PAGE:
The new state law signed by Governor Quinn last month says it only takes 11 Cook County commissioners to override a veto by President Stroger when it used to take 14 votes. But Stroger didn't blame the governor Tuesday-- he pointed at the news media.
"This is really the culmination of the press dragging me through the mud for three years," Stroger said.
Before his post-override news conference, President Stroger made his final plea to county board members, warning commissioners that they courted "total financial disaster." And, he said, that while a half-cent sales tax rollback two months before the 2010 primary might seem politically expedient, the move would have a deadly affect on the county's public health care system.
"Some people will die needlessly for lack of access to the healthcare our system provides today," said Stroger.
The independent hospital system boss, William Foley, agreed with President Stroger that by 2011 the tax rollback will mean unspecified cuts at public hospitals and clinics that serve the poor and uninsured.
"We will not be able to treat as many people...We simply would not have the resources to do that, so we definitely would have to look at cutting services," said Foley, Cook County Health System CEO.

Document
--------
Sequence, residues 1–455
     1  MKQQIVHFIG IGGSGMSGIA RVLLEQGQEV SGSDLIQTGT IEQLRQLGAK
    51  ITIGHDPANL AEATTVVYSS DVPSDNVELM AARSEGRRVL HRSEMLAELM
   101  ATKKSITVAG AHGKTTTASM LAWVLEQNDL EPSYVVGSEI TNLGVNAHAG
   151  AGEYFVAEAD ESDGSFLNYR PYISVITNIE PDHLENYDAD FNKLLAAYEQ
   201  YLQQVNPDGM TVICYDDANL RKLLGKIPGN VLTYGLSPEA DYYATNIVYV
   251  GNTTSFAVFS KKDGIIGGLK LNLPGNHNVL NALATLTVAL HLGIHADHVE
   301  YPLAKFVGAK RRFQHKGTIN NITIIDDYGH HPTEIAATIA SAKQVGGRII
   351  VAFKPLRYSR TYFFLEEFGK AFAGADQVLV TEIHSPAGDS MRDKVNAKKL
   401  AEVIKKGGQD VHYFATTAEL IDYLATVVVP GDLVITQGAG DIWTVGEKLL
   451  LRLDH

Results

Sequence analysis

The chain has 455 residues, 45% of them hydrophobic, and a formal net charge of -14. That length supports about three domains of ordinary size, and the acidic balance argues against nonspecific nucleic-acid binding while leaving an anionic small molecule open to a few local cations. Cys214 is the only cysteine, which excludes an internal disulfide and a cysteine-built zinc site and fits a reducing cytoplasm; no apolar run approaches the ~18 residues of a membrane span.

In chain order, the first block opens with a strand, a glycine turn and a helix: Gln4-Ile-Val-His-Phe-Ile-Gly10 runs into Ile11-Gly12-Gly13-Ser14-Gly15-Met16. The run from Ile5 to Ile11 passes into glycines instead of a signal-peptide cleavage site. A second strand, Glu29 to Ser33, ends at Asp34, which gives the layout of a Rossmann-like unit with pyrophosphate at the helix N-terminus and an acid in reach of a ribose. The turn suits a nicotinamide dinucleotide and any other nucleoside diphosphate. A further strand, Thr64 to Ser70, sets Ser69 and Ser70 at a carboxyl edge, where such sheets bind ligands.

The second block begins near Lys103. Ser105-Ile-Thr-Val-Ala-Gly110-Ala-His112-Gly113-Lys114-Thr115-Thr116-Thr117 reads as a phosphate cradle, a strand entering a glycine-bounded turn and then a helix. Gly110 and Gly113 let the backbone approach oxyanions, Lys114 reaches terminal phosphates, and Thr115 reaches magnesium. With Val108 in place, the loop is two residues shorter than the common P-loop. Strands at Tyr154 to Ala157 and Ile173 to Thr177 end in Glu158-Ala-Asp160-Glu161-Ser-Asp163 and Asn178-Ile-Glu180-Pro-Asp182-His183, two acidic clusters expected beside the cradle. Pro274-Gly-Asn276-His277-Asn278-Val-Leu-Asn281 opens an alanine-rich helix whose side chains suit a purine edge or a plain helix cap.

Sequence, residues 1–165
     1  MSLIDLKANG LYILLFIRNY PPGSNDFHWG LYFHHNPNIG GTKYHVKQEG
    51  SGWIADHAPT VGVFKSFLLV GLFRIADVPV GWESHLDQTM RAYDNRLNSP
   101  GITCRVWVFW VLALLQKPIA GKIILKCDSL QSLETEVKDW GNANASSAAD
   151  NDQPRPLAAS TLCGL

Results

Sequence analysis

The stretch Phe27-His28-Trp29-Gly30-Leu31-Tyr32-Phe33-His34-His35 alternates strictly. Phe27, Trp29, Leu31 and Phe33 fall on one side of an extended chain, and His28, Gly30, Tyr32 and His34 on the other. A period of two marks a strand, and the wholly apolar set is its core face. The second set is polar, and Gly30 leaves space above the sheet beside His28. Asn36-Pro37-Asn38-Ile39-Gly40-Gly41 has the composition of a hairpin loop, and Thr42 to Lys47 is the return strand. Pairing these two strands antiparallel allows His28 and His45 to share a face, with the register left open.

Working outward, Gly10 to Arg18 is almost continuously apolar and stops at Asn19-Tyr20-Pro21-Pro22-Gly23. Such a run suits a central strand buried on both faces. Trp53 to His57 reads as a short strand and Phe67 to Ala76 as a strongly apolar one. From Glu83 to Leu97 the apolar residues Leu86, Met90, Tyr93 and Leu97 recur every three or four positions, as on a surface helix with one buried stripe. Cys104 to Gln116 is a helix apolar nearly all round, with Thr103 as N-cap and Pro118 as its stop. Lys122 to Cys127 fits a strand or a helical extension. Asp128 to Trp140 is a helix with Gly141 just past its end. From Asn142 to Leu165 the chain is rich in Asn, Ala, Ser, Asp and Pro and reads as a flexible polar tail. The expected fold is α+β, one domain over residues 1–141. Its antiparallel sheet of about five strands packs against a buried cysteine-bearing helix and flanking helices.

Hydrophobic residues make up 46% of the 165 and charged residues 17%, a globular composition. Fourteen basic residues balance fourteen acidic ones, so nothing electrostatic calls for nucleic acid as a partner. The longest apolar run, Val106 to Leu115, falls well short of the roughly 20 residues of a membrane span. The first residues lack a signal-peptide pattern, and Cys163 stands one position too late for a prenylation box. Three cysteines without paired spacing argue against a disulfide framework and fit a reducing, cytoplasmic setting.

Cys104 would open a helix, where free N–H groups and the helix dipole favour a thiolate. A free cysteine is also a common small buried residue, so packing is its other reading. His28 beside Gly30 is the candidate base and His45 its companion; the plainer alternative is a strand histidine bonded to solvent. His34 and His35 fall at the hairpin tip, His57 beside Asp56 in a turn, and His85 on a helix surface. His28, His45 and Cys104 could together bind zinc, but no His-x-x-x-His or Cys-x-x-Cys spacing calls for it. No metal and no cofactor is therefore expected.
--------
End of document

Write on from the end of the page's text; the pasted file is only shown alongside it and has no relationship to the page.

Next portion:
But 12 of the 17 commissioners-- enough to override the veto under the new state law -- were not convinced by Stroger or Foley. They said that businesses along the county borders were losing customers to stores in collar counties and some were leaving higher-taxed Cook County altogether.
"What happens to the people who were employed in those businesses? They have to go out and find jobs--generally, probably outside of Cook County," said Comm. Timothy Schneider, (R) Bartlett.
Commissioner Earlene Collins supported the rollback because she says that's what her constituents wanted.
"It's five to one for the rollback, five to one," Collins said.
Stroger criticized Collins, commissioners Robert Steele and Edwin Reyes --all with now-threatened clinics in their districts -- for not standing with him against the rollback.
"So, I was very disappointed to see that those that represent the have-nots did not stand up on this issue," Stroger said.
Again, the sales tax will not be reduced at Cook County cash registers until July of 2010. It is estimated the half-cent-on-the-dollar rollback will cost the county $30 million in 2010 and nearly $200 million in 2011.
This rollback vote defuses one of the biggest issues in the county board president's race in which President Stroger's three opponents have supported a tax rollback.